Creating receptive and attentive listeners

Dear Gaius

When we make a speech, we want our audience to feel receptive to our message, to gain a favourable impression of us as speakers and to pay good attention to what we are saying. I shall now show you how these three conditions can be brought about. Continue reading Creating receptive and attentive listeners


Consider the underlying purpose of your speech

Rhetorica ad HerenniumDear Gaius,

But first, in order to construct the most appropriate Introduction, you must consider the underlying purpose of your speech.

There are four possible purposes: honourable, discreditable, doubtful, and petty. An honourable purpose is when we either defend what seems to be a universal truth, or attack what seems to be universally accepted as reprehensible; for example, when we defend a heroic person, or denounce a heartless killer. Continue reading Consider the underlying purpose of your speech

Six sections of a speech

Rhetorica ad HerenniumDear Gaius

Let us start with the first skill you need – invention. And I will discuss how you might use invention in the six sections of a speech: the Introduction, the Statement of Facts, the Division, the Proof, the Refutation, and the Conclusion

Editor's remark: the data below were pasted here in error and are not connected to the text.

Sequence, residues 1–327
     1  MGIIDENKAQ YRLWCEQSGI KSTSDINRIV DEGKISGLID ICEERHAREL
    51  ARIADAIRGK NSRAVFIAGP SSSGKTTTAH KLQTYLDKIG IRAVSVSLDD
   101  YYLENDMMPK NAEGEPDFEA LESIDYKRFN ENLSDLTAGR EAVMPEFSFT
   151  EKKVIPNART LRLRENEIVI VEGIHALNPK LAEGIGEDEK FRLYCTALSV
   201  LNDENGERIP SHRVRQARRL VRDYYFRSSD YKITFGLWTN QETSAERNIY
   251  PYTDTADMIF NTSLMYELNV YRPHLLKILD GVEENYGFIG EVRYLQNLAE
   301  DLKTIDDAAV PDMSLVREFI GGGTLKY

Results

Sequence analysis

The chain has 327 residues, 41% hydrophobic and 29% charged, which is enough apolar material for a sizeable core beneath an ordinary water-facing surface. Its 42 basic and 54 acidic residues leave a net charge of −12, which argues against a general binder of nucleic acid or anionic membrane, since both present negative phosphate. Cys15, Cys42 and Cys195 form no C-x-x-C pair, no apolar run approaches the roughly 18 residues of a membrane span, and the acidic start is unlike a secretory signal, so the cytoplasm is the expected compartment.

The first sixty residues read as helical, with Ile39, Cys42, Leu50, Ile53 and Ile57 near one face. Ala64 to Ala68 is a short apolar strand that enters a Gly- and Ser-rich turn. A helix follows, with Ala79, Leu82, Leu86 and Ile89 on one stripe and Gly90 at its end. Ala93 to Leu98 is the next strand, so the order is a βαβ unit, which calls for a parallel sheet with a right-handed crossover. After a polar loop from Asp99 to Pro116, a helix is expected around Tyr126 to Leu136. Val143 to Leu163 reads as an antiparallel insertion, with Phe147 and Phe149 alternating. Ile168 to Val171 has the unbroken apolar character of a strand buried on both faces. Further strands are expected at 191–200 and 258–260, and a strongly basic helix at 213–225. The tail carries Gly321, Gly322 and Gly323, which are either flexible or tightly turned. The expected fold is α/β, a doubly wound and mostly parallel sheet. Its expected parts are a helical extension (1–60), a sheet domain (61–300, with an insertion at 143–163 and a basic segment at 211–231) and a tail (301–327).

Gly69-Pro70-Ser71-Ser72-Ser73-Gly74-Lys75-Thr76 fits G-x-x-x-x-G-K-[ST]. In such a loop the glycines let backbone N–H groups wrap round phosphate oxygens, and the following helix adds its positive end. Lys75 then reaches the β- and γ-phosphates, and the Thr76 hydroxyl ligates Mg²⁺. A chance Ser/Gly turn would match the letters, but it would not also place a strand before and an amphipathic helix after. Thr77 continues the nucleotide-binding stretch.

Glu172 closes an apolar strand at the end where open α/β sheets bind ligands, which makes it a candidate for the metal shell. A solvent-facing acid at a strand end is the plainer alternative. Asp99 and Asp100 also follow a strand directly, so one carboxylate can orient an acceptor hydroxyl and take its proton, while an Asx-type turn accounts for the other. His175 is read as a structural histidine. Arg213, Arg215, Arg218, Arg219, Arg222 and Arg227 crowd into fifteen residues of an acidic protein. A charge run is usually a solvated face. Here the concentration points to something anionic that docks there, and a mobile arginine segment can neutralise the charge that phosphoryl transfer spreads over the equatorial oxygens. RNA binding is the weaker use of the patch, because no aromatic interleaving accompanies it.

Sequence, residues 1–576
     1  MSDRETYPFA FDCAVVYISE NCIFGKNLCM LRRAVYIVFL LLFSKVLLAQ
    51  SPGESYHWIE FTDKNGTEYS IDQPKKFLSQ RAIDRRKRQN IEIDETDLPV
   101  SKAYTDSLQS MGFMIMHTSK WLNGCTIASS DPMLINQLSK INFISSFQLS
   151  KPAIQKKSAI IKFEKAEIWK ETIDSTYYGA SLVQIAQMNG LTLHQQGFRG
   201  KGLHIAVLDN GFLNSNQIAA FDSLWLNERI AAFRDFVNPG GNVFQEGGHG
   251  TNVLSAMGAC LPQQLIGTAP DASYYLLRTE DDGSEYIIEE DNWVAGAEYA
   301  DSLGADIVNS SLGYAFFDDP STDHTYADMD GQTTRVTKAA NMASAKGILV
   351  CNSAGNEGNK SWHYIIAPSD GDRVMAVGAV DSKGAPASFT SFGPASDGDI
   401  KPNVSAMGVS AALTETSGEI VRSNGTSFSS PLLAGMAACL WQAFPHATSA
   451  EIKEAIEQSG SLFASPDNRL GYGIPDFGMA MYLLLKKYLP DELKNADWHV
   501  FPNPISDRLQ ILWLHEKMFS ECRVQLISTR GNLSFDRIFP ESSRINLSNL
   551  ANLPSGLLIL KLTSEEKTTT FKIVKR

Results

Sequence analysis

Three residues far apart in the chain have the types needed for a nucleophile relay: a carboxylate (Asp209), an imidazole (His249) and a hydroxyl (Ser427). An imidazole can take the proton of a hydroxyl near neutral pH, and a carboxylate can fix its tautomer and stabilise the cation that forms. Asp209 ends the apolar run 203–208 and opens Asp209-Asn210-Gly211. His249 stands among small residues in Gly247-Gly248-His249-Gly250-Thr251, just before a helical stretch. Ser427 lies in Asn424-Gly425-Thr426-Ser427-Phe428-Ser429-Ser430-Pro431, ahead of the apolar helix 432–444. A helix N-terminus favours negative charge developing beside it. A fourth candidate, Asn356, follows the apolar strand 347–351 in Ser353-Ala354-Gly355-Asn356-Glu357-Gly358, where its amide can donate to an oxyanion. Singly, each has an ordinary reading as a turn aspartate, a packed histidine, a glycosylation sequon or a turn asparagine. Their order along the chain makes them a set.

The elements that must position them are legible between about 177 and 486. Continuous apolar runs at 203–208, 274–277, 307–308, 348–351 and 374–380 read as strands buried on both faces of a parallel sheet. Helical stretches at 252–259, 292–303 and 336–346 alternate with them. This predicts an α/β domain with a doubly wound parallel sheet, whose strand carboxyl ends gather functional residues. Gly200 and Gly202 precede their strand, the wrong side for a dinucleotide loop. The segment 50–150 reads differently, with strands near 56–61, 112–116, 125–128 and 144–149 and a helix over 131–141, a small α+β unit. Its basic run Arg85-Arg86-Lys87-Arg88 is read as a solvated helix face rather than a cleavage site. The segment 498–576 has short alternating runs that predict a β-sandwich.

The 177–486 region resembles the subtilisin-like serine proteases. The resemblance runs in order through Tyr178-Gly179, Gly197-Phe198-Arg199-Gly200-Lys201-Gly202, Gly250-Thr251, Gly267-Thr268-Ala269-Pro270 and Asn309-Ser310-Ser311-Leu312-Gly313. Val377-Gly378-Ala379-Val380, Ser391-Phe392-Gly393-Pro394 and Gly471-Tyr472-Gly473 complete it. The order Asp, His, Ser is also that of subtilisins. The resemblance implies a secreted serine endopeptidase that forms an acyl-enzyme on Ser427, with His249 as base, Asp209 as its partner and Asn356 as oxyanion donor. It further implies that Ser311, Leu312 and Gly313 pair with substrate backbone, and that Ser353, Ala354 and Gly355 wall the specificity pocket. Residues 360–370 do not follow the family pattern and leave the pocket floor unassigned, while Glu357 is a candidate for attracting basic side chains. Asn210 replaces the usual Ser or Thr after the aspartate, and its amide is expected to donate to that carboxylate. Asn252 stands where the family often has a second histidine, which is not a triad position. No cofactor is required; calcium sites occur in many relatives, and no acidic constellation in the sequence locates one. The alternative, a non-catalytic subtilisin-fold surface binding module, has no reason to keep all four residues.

1. The Introduction. This comes at the beginning and its purpose is to prepare your audience and to make them sit up and pay attention.
  2. Continue reading Six sections of a speech

The strength of memories

“I think it is all a matter of love; the more you love a memory the stronger and stranger it becomes”
― Vladimir Nabokov

It seems that memories associated with strong emotions are the ones we remember the best.

And, as we think back and sink into that memory, it seems the emotional flavour of the memory is all that really matters and becomes the dominating aspect of the remembrance. Continue reading The strength of memories